I blame it on Agatha Christie. Both of my parents were fans of Agatha Christie’s mysteries, so I had access to dozens of her books and read them while I was still young and impressionable. Most of her works featured Hercule Poirot, a retired Belgian police officer who had a love for cleanliness and a passion for order and tidiness. I read dozens of books in which Poirot solved his cases not just by “employing his little grey cells,” but by methodically gathering clues and putting them into the proper order.
I may not have Poirot’s detective skills or brain power, but I must have assimilated his love of cleanliness and order. How else do you explain the fact that the spices on my spice rack are in alphabetical order? Or that the books on my bookshelf are grouped both according to the author, with subcategories for hardback and paperback books? I read a home-decorating article once that said end tables must be decorated in groups of threes, and now all my end tables have exactly three framed photos or knick-knacks on them.
My kitchen is small, so I have an extra pantry in the basement where the food is sorted according to size and expiration date. The tops in my closet are hung according to style, with the sleeveless tops at the far right, followed by short-sleeved, three-quarter sleeved, and finally, long-sleeved. Those are the casual tops. The dressy ones are on the rack directly above, similarly sorted. My shoes, on the other hand, are just haphazardly stuck in there, don’t ask me why. Poirot would be horrified.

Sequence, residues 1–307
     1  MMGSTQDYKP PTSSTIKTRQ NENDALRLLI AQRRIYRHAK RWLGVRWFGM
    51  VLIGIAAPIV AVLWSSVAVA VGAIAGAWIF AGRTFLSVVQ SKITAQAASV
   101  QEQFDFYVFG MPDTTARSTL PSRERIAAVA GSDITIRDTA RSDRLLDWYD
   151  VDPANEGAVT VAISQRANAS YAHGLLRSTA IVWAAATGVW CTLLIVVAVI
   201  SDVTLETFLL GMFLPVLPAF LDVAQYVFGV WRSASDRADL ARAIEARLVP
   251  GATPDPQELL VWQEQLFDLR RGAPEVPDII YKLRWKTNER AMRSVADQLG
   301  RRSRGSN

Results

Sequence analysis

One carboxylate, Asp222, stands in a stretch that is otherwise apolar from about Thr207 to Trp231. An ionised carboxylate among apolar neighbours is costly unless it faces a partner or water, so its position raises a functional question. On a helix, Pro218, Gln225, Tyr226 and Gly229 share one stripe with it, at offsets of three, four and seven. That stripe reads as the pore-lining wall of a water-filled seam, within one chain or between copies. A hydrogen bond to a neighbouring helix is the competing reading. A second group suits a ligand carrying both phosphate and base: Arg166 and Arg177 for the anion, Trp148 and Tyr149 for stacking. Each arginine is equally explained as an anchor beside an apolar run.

Luckily, or unluckily, depending on how you look at it, my husband is at the complete opposite end of the spectrum. I have a photo of the contents of one of his drawers I keep just in case I’ll ever need it for blackmail. If I tell you the photo contains both underwear and a screwdriver, you’ll get the idea. One of the many reasons we have a happy marriage is that we never share closet space or dresser drawers, and I do all the cooking.
I have long since learned to stop apologizing for my compulsive desire to organize things, or to try to change my husband’s lack of organization. (Clearly, he didn’t grow up on Hercule Poirot novels.) Because I’ve learned that a happy home doesn’t have to be either clean or messy. It just has to be the place where we get to be ourselves, and know that we’re loved and accepted for exactly who we are.